James A. Reeves is a writer and designer. He's worked in gas stations, run a record label, was a partner at a design agency, and did a brief stint in law school before deciding he did not want a life of conflict. After traveling 50,000 miles along the back roads of America, his first book, The Road to Somewhere: An American Memoir, was published by W. W. Norton. His second book, The Manufactured History of Indianapolis, is a collection of myths and urban legends about the city. He is currently finishing his first novel, Static, a fable about a very loud god. 

His short stories have appeared in Vol. 1 Brooklyn and Heavy Feather Review, and his work has been exhibited in the Cooper Hewitt Smithsonian Design Museum, the Rubin Museum of Art, the Mint Museum, and the Annenberg Space for Photography. He frequently collaborates with the artist Candy Chang on installations that introduce new rituals into public space, most recently After the End, a critic’s pick in The New York Times.

James has taught graduate and undergraduate courses in philosophy, the history of art, and the politics of design at Bard Early College, Pratt Institute, and Parsons School of Design, where he is an assistant professor. He was a 2022 Innovator-in-Residence at the American School in London, and he is the founder and creative director of Design/Context.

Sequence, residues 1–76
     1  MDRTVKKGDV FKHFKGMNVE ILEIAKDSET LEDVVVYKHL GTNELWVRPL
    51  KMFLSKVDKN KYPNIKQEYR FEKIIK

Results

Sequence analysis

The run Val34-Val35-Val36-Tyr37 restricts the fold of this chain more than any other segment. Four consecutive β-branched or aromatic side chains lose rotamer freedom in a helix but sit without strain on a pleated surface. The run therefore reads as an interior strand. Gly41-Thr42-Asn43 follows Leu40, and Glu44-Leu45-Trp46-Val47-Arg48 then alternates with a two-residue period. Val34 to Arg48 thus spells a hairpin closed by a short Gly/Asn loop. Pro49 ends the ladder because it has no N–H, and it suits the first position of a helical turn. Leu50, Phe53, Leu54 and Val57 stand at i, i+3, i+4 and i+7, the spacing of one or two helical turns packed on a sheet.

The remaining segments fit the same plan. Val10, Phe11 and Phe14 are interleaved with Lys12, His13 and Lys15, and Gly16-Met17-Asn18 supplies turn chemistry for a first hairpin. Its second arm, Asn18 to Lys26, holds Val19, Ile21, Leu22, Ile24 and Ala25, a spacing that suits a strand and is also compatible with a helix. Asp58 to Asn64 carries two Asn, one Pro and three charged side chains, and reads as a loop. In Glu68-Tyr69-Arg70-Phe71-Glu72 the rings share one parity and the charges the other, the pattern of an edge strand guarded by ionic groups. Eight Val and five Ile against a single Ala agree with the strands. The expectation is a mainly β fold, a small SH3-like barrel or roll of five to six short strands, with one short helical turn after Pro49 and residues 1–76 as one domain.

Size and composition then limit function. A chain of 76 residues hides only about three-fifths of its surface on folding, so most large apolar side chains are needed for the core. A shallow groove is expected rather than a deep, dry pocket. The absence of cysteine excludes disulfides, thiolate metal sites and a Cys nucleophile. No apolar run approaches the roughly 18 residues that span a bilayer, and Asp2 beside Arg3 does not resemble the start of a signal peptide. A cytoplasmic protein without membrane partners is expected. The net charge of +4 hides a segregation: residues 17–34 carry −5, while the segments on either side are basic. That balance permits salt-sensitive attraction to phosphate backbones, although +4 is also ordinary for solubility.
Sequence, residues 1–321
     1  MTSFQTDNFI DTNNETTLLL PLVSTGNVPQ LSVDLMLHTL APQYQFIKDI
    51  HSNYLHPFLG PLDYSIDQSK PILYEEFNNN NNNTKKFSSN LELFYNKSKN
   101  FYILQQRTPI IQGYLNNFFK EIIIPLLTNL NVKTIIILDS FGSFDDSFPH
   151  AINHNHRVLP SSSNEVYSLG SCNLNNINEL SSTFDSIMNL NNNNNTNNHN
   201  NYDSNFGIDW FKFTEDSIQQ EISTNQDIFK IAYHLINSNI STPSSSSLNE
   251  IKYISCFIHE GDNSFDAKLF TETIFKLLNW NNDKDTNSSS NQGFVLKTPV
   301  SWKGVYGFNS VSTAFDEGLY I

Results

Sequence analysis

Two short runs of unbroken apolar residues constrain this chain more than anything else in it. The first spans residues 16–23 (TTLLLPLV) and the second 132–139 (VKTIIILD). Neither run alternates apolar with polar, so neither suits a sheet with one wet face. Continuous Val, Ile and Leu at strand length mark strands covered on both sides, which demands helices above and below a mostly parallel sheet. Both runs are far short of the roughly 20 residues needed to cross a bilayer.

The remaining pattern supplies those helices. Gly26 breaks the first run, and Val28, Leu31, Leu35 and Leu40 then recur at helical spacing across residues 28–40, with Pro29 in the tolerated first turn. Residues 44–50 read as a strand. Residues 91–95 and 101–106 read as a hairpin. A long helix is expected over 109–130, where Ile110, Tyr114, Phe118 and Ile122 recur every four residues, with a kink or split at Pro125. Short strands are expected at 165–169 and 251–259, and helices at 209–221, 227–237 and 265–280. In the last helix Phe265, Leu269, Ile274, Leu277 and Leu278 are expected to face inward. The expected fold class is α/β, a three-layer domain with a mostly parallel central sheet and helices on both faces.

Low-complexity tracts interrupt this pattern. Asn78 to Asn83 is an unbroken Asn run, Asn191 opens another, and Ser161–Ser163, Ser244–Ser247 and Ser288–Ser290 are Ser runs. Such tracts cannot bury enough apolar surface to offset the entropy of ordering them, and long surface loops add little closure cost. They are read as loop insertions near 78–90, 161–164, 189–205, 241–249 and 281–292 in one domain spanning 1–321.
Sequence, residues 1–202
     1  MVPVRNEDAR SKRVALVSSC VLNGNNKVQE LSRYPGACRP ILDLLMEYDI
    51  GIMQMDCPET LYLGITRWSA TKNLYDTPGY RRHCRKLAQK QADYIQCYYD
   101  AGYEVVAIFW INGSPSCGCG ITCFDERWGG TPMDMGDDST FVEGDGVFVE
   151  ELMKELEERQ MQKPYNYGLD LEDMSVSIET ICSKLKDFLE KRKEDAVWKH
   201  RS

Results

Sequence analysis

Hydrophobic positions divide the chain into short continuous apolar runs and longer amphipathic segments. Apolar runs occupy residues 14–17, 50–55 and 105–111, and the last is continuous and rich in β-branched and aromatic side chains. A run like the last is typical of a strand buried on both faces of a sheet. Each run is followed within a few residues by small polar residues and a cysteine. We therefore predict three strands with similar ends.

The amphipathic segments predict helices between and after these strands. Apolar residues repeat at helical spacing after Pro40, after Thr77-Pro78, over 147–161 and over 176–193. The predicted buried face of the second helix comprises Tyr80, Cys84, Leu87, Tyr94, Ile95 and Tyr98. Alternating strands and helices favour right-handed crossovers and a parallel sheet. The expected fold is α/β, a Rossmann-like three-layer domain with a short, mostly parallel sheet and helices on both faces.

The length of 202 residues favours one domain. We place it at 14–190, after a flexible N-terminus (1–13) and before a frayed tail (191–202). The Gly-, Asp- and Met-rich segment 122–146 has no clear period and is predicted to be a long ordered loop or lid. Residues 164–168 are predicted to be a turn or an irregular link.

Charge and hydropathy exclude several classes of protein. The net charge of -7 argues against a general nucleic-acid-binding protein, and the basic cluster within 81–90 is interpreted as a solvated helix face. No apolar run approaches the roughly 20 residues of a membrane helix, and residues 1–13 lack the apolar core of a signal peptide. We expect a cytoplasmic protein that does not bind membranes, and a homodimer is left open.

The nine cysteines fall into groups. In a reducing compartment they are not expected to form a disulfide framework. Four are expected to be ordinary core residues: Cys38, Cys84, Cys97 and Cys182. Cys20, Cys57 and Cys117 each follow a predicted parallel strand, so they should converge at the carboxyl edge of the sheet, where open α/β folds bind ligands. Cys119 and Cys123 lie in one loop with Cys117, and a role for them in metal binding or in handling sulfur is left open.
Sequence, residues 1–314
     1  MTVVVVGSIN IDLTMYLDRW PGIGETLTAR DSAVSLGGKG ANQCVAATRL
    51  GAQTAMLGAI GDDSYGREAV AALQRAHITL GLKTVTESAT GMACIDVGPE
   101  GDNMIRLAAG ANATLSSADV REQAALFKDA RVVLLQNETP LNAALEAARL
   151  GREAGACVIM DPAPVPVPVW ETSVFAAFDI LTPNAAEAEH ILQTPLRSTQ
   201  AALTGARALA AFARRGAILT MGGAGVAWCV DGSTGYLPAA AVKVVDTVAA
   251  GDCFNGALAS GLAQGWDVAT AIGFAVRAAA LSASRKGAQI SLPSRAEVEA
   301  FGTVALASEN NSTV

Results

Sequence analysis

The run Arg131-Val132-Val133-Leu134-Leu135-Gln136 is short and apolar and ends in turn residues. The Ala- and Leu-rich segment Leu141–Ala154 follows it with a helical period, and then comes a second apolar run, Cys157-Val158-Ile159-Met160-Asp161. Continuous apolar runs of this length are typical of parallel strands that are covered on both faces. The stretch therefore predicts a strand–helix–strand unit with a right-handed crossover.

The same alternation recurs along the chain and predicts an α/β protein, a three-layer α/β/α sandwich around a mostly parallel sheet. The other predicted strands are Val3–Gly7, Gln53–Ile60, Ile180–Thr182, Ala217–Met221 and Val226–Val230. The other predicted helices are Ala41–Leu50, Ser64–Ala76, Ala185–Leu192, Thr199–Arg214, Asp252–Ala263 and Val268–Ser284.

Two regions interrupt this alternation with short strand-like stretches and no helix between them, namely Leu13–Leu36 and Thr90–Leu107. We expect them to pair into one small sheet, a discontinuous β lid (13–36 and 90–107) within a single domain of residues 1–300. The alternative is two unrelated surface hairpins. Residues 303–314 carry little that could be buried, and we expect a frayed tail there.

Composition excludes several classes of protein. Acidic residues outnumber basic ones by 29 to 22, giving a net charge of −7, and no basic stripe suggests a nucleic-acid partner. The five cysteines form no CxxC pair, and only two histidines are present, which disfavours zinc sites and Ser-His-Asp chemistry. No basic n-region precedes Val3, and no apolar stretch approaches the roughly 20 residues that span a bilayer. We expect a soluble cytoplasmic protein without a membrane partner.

He's lived and worked in New York City, Helsinki, Philadelphia, Lisbon, New Orleans, London, and Las Vegas before settling down for a while in Columbus, Ohio.

“The inspiration is so simple: Head out at random into America and see what you find. James A. Reeves found the America no one seems to be looking for anymore, and he also found himself.”
—Roger Ebert
“Memorial artworks are notoriously difficult to pull off. Yet Candy Chang and James A. Reeves, two New York artists who have created similar installations in the past, hit just the right tone with After the End, a participatory work in the Historic Chapel at Green-Wood Cemetery.”
—The New York Times
“Through his photographs and candid, episodic storytelling, Reeves documents his experiences and the people he encounters in various regions of the United States, reflecting with uncommon honesty on both positive and negative aspects of the culture. Reeves’s obsession with driving long distances in rental cars is fuelled by his search to figure out what it means to be an adult and to live a meaningful life in a complicated world. His unique point of view clearly comes through in both his writing and images—quirky, beautiful, disturbing, humorous, and at times unexpectedly and achingly moving.”
“A tantalizing 21st-century cross between James Agee’s Let Us Now Praise Famous Men and Jack Kerouac’s On the Road, this remarkable and utterly original memoir heralds the arrival of a new and important American voice. James A. Reeves’s The Road to Somewhere will take you places you will not easily forget.”

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